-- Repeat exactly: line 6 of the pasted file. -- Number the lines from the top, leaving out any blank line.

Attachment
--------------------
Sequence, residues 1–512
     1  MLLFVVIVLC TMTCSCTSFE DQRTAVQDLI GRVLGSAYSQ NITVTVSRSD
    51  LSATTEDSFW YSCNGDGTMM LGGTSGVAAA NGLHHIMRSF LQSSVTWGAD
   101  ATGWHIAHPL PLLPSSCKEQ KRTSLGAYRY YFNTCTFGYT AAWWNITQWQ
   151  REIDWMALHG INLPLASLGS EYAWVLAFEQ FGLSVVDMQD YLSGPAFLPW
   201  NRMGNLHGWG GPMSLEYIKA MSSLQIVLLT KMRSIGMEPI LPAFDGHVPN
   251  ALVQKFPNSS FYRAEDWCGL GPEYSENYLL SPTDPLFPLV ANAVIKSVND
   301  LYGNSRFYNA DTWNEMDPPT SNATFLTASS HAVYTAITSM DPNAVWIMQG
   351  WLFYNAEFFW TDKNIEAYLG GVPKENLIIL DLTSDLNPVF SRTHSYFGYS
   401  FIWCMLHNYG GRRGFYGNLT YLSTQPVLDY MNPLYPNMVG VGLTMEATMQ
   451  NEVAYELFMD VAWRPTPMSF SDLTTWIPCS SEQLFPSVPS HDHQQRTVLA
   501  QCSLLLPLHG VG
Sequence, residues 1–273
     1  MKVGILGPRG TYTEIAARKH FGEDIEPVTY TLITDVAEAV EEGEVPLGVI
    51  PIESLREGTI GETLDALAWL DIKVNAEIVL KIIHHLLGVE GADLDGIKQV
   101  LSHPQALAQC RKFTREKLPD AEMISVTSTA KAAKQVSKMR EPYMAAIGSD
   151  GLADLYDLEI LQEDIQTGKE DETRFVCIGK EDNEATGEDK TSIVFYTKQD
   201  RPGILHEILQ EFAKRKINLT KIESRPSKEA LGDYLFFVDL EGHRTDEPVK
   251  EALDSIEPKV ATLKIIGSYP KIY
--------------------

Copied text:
   201  NRMGNLHGWG GPMSLEYIKA MSSLQIVLLT KMRSIGMEPI LPAFDGHVPN